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Thursday, April 07, 2011

Beldar assesses risk to the GOP from a government shutdown to be lower now than in 1995

I've previously argued here, and in comments I've left on other blogs, that the House GOP ought not force a government shutdown over whether an interim funding bill includes controversial de-funding of particular programs like the Corporation for Public Broadcasting (PBS/NPR) or Planned Parenthood. Rather, my advice has been to defer those measures to the fight over the FY2012 budget. Some have misunderstood me to be suggesting we delay those fights until some time in calendar year 2012, but that's not at all what I've said or meant.

Rather, since the premiere this week of House Budget Committee Chairman Paul Ryan's (R-WI) amazingly ambitious budget for FY2012 (which starts on October 1, 2011), we're already embarked on that fight — and that fight is vastly more consequential in the big picture than anything that is going to be done through interim spending bills. Insisting on cutting those controversial programs now gives the Dems undeserved and repeated opportunities to demagogue, and that may permit them to repeat their political triumph from the government shutdown in 1995 (which effectively guaranteed Bill Clinton's reelection).

Instead, the time to fight those fights — and they'll always be controversial, I don't dispute that — is as part of the fight on the FY2012 budget that, if handled right, will produce hundreds of billions of cuts in current spending, and trillions over the next decade. There are a lot of voters who will swallow hard at GOP cuts to programs those voters personally favor, but who will nevertheless choke them down if and only if they're part of a big dose of essential medicine that will genuinely restore financial sanity to our government. And you can't win over those voters through a hostage-taking strategy that shuts down the government over only a few billion dollars.


What Speaker Boehner and the House GOP are doing now, however, isn't necessarily inconsistent with my proposed strategy. Indeed, he's right not to back off on those hot-button issues until he's used them to extract every penny of spending cuts he can through these stopgap funding bills. The one-week extension passed through the House today is consistent with that strategy. And ultimately, if a few tens or even hundreds of millions in continuing expenditures on noxious programs is the cost of another $8-$10 billion in cuts above the $33B the Dems are already on board with, that's a very good trade in the short term.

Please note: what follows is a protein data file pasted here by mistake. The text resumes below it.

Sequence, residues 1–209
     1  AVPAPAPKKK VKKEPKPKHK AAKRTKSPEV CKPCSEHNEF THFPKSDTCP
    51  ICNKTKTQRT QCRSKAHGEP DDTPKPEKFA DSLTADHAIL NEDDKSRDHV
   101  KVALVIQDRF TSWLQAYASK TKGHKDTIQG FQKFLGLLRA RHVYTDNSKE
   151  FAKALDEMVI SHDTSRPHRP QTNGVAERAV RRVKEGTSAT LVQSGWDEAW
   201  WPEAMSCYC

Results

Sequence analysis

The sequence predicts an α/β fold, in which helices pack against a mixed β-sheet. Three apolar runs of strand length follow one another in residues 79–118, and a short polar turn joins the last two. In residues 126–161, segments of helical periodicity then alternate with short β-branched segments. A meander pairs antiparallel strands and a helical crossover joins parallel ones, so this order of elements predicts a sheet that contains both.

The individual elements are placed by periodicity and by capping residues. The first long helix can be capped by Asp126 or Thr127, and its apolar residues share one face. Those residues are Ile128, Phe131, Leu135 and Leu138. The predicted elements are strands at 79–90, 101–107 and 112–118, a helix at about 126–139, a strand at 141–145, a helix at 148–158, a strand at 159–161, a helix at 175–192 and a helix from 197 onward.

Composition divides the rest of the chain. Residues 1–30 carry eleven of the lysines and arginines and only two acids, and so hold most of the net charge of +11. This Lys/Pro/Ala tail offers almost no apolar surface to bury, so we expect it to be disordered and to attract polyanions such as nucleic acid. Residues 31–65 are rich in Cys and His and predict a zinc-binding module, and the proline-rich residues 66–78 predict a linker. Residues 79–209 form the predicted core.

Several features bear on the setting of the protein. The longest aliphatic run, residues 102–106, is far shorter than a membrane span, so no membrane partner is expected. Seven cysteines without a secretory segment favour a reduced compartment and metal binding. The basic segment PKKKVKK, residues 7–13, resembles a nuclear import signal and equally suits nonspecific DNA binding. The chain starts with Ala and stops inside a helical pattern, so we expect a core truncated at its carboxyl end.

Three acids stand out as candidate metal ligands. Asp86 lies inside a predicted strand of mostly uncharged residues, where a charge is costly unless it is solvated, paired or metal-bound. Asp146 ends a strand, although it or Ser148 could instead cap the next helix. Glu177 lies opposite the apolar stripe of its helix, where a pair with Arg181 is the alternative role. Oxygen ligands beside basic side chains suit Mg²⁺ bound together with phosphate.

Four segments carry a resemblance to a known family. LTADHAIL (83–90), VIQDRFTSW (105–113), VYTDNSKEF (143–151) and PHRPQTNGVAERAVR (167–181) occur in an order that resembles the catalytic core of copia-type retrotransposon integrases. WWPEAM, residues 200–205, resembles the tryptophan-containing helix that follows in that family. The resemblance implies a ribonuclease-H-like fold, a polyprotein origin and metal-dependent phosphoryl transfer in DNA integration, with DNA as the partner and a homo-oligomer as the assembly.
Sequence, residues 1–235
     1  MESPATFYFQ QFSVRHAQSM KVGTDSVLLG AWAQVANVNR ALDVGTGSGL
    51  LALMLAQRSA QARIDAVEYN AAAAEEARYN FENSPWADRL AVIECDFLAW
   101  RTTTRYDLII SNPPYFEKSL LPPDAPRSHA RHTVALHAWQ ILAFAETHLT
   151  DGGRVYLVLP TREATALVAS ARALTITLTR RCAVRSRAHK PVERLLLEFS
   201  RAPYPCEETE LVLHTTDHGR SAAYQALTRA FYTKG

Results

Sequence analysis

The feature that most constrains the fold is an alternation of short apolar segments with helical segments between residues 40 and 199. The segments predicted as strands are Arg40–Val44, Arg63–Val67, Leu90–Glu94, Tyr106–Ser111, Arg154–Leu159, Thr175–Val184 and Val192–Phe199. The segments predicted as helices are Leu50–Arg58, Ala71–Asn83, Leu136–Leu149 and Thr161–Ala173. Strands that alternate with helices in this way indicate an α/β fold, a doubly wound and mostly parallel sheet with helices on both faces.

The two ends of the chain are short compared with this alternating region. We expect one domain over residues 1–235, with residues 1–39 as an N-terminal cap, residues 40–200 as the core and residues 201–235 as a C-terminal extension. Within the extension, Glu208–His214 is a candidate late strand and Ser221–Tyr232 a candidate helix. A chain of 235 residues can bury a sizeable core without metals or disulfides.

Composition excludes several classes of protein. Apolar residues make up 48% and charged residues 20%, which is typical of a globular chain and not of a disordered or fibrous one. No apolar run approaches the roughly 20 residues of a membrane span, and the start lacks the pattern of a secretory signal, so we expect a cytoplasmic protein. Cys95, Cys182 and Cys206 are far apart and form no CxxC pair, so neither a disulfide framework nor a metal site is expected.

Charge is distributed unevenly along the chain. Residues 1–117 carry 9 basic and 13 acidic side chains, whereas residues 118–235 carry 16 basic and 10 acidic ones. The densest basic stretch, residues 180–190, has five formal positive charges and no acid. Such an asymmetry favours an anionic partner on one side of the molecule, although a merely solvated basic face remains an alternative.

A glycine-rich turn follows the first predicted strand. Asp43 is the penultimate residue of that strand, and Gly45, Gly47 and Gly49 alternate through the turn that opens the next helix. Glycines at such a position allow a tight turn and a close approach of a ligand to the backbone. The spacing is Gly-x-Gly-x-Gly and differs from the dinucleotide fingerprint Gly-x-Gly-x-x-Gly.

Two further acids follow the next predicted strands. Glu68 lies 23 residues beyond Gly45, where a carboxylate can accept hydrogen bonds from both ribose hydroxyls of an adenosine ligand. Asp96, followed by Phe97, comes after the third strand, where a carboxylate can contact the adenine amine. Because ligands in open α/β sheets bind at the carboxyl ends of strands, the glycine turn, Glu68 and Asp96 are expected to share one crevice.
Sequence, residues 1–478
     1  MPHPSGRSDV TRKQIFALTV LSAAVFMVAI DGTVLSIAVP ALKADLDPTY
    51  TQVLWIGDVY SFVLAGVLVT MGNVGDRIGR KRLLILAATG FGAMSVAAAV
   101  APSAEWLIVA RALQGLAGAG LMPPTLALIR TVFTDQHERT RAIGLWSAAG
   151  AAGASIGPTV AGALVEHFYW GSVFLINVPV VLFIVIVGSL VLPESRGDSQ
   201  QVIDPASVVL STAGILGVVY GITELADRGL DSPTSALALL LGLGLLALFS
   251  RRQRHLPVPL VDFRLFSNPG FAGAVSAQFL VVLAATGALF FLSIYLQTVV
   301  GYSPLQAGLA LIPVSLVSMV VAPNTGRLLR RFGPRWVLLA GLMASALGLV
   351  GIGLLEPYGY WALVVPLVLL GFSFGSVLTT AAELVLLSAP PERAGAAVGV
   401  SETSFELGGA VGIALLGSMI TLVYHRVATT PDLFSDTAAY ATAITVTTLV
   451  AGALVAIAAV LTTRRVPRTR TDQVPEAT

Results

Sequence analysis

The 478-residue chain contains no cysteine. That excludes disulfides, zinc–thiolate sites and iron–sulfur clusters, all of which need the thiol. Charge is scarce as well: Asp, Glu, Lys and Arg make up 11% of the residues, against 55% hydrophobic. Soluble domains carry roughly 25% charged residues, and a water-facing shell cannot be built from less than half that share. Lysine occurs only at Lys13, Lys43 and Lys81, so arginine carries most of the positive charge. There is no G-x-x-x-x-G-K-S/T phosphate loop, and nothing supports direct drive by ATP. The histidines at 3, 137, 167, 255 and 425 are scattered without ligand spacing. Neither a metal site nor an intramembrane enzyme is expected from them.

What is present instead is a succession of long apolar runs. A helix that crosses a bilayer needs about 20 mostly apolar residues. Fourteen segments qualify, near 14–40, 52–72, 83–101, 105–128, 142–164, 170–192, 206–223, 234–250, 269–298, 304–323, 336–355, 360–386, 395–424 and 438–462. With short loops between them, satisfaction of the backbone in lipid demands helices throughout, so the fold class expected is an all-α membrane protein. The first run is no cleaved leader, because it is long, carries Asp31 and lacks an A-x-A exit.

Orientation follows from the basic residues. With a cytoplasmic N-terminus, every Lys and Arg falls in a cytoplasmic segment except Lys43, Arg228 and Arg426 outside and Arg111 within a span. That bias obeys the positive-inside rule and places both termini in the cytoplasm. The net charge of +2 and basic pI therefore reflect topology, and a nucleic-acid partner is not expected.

However, you can't push to the limits at the negotiating table unless you're genuinely serious about facing the possibility of a shutdown. There's reason to hope that we're better prepared for that now than we were in 1995 (when it seemed we were completely, and recklessly, unprepared). But neither side knows, nor can know, how the public will react, and what political risks for November 2012 that presents. To extend my poker metaphor from last week, we've seen the flop, but we're still waiting for the turn and the river.

I'm no pollster, and in fact I'm intensely skeptical of public opinion polling as a proxy for the only polls that count — electoral polls on election day. But I think there are two fundamental differences between now and 1995 that both reduce the political risk to the GOP now, as compared to then:

First, notwithstanding what the public opinion polls may say about the number of "independents" or "swing voters," America is more polarized now than it was in 1995. That's the result of the Clinton impeachment, the 2000 election contest, the anti-war protests during the eight years of strong leadership on the Global War on Terrorism that George W. Bush gave us, and — more than all of the above put together — the systematic, unrestrained, and rapacious looting of the public fisc in which Barack Obama and the Democrats have been continuously engaged since January 2009. I just don't think there will be as many voters swayed by a shutdown as there were in 1995 — and of those who may be, quite a large percentage of them are Obama voters from 2008 who've since already realized that his halo is made of tin foil.